The average national spot rate for intermodal shipments by rail have increased 58% since early June, or $0.79/mile. The normally rational intermodal market, a safe haven for many shippers, has succumbed to the pressure of the surging freight volumes arriving on the West Coast. What is more impressive than the absolute rate, which is the highest in five years, is the rate of increase.
It has taken only three months for the U.S. average intermodal spot rate to increase beyond the 2018 peak level, which was the previous multiyear high. It took rates over a year to increase the same amount in 2017-18, or about four times as long.
Unlike trucking, which has seen capacity tighten in every corner of the U.S., the rise in intermodal rates has largely been driven by the surging demand on the West Coast. Rates from Los Angeles to Dallas are exceeding trucking spot rates by $0.30/mile, according to Truckstop.com.
By comparison, westbound rates in lanes like Kearny, New Jersey to Chicago and Kearny to Los Angeles remain relatively suppressed, averaging slightly higher than the same period in 2019 and well under the current dry van truckload spot rate moving in a similar direction.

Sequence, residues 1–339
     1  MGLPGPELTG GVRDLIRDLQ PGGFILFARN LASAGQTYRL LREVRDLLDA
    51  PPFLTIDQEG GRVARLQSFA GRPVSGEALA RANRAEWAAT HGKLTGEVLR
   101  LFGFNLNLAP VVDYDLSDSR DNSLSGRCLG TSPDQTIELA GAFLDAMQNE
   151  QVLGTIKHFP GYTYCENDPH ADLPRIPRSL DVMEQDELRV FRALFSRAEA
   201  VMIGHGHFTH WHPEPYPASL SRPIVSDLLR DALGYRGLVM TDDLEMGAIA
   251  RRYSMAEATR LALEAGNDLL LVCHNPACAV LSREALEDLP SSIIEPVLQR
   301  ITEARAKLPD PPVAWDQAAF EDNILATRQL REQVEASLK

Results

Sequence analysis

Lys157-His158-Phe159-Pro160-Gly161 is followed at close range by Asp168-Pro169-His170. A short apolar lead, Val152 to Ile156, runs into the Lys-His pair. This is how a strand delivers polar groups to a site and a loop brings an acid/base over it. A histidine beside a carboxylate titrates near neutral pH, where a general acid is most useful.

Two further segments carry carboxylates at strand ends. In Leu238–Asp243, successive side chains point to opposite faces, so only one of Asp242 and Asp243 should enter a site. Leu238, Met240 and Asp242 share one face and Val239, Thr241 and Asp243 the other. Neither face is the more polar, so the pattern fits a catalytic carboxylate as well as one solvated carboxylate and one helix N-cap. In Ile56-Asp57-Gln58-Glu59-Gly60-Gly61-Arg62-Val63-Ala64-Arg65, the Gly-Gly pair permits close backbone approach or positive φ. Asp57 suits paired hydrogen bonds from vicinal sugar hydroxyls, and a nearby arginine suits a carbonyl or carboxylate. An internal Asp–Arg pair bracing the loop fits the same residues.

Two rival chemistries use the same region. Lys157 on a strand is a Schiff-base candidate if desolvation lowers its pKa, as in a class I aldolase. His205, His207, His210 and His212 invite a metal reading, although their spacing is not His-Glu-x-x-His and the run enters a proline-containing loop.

Mike Baudendistal, intermodal and rail market expert at FreightWaves, states, “Due to the record volume at the LA ports, there is a greater imbalance than usual, with too many containers going eastbound and not enough loaded containers going back westbound so rates are high to discourage more eastbound moves and low to encourage more westbound moves.”
Empty containers typically signal increasing demand when they are heading into a market. Empty trailers have tripled moving into the LA market since early June, an indication that carriers are expecting increasing demand or already experiencing container shortages.
Rail carriers have implemented peak season surcharges for customers operating outside of normal contracts. These surcharges are as much as $1,500 per container, which means only the most desperate shippers will utilize the service.
The fact that shippers are willing to pay more for rail than trucking is a strong indicator that the market has lost most of its rationality. Rail moves tend to take longer and involve more transitions.
Getting the container to and from the railyards involves drayage providers who specialize in short-haul moves from ports and railheads and adds to the days of service. Essentially, shippers are willing to pay more for less in this scenario, which is why you typically see about a 15% to 20% discount on rail moves versus dry van truckload.
With rail monetarily refusing freight and peak retail season around the corner, trucking rates should remain elevated throughout the fourth quarter from an annual perspective. There are still concerns over a still-high unemployment figure and unsettled stimulus packages, as well as how much early-season spending ate into holiday budgets.
Whether the consumer comes through this November, the shippers’ preparations are driving the market at the moment.
About the Chart of the Week
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